Dulce, utile, et decorum est pro patria scribere.
The number one computer is still down and the computer tech is mainly responsible. The future of our files is uncertain. So because of that, and the holidays, my work pattern is also down, and I’m sending out a mercifully short Parvum Opus.
I wish you all a most excellent New Year.
A Literary Christmas
I got some great Christmas gifts this year, particularly good ones because the givers thought about what I like: books, but not only books.
One is a mug with the John Tenniel drawing of Alice in Wonderland looking at the Cheshire Cat. When you pour in a hot drink, the cat’s face disappears, leaving only — of course — the grin. I’ve read Alice in Wonderland numerous times. It’s one of those children’s books that can take on new shades of meaning at different times of your life.
Then I got an Edward Gorey deck of cards that I didn’t know existed, The Fantod Pack, a parody of Tarot cards. I won’t be laying out the cards because all the card meanings are bad, as interpreted by Madame Groeda Weyrd, including such fortunes as cafard, inanition, catarrh, gapes, fugues, barratry, assailed honor, yaws, senseless talk, inadequate drainage, vapors, loss of ears, puckers, weltschmerz, wispiness, champerty, and megrims. Oh, and paranoia. You may not know that the noms de plume that Gorey used are anagrams of his name.
I Judge You When You Use Poor Grammar by Sharon Eliza Nichols is a photographic collection of mistakes. Well, I judge the grammar, not the person, but I just can’t help editing, just as you evaluate anything that falls into your specialty, whether it’s art, cooking, fashion, music, or business management. The YEILD sign painted on concrete is one I’ve seen in my grocery store parking lot; it happens everywhere, though I’ve never seen NO PAKRING. Someone has a non-working door buzzard. In my experience, buzzards seldom work. The international apostrophe crisis could be solved if someone would remove the extraneous ones and drop them in where needed.
Conversations is a more serious book by Elizabeth Schultz, a collection of several dozen poems she wrote on works of art in the Spencer Museum of Art at The University of Kansas, which is a very fine small museum. The poems, of course, bring us into her head, more than into the paintings or sculpture or photos.
The Practical Application of Floy Floy
Bill Kauffman, in “Boulder Rocks” in the January 2010 issue of The American Conservative, writing about a debate he was in on the Constitution, digresses to an anecdote about Jack Kerouac,
In another generation, Kerouac (who was a heavy drinker) could have been a stand-up comic. When I read On the Road and others of his books as a teenager and then a college student, his quasi-buddhist odyssey seemed to mean more than it does now. In my memory, the book vaguely recalls the very very long, romantic Look Homeward Angel and other books by Thomas Wolfe (not to be confused with Tom Wolfe). Note that the link here is to a publication of the original manuscript, called O Lost: A Story of the Buried Life, which is even longer than the original published edition.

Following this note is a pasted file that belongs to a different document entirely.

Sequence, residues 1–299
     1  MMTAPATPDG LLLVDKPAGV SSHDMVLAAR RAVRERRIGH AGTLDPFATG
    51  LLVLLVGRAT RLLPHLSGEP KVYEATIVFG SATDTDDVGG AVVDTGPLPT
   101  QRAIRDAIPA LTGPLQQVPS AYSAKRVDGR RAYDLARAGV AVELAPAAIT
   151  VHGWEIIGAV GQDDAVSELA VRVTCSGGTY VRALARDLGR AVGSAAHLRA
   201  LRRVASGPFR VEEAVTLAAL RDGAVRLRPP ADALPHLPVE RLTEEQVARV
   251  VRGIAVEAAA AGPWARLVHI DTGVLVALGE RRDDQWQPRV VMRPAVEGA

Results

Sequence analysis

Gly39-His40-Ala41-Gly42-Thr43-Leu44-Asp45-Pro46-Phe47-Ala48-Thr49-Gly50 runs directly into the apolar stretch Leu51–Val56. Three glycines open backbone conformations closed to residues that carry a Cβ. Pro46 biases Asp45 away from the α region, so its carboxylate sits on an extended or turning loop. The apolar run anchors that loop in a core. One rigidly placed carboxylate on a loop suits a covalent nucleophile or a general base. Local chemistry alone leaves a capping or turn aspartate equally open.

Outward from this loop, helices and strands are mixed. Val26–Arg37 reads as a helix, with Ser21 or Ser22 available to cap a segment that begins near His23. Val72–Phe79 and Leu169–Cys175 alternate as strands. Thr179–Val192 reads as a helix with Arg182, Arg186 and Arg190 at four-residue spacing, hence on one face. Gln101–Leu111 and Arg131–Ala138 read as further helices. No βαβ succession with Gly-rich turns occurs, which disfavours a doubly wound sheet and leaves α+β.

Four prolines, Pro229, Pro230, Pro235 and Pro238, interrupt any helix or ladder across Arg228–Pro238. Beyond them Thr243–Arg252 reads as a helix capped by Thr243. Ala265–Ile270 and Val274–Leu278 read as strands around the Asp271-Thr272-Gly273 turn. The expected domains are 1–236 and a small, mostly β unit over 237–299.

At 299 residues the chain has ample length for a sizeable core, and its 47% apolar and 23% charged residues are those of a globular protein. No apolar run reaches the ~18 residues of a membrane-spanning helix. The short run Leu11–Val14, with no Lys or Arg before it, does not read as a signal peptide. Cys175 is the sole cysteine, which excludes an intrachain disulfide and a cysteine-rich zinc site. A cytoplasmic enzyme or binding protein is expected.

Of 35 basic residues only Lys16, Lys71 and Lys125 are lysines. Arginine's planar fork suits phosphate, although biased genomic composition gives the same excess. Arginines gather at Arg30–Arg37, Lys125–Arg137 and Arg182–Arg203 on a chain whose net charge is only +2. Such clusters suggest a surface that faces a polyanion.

I still like Kerouac but I don’t know if I could read him anymore, or Thomas Wolfe either, though I’m tempted to get O Lost (pun noted but not intended). It’s like a changing taste in art, moving from Impressionism to Japanese watercolors or Vermeer.
Not Only Legless
Mike Sykes, among other things, sent an example of “legless” meaning drunk, in a song by Andy Fairweather-Low called “Wide-Eyed and Legless”. (I like this version better than his 1975 video.)
Two Weeks of the Weekly Gizzard: Moi on Examiner.com
Monday, December 28th, 2009
Janet Napolitano, head of Homeland Security, said the system worked following an uncompleted terrorist plan to kill...
Thursday, December 24th, 2009
Merry Christmas to everyone, and especially to everyone in the armed services and to veterans. So many of the men...
I’m publishing for the Kindle digital reader with Amazon and now also on Lulu.com for download to computer and for printing. Most of these titles are available in both locations. Search for Rhonda Keith on Amazon.com Kindle store and Lulu.com.
A Walk Around Stonehaven is a travel article on my trip to Scotland. Short article with photos. (Lulu.com only.)
The Wish Book is fantasy-suspense-romance featuring the old Sears Roebuck catalogues. Novella.
Carl Kriegbaum Sleeps with the Corn is about a young gambler who finds himself upright in a cornfield in Kansas with his feet encased in a tub of concrete; how would you get out of a spot like that? Short story.
Still Ridge is about a young woman who moves from Boston to Appalachia and finds there are two kinds of moonshine, the good kind and the kind that can kill you. Short story.
Whither Spooning? asks whether synchronized spooning can be admitted to the 2010 Winter Olympics. Humorous sports article.
Blood, Sweat, Tears, and Cats: One woman's tale of menopause, in which I learn that the body is predictive; I perceive that I am like my cat; and I find love. Autobiographical essay.
Parvum Opus Volume I. The first year (December 2002 through 2003). You’ll laugh, you’ll cry, you’ll get PO’ed. Collection of columns.
10% discount on my Lulu publications:
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Scot Tartans: T-shirts and more (custom orders available).
Trivium pursuit ~ rhetoric, grammar, and logic, or reading, writing, and reckoning: Parvum Opus discusses language, education, journalism, culture, and more. Parvum Opus by Rhonda Keith is a publication of KeithOps / Opus Publishing Services. Editorial input provided by Fred Stephens. Rhonda Keith is a long-time writer, editor, and English teacher. Back issues from December 2002 may be found at http://www.geocities.com/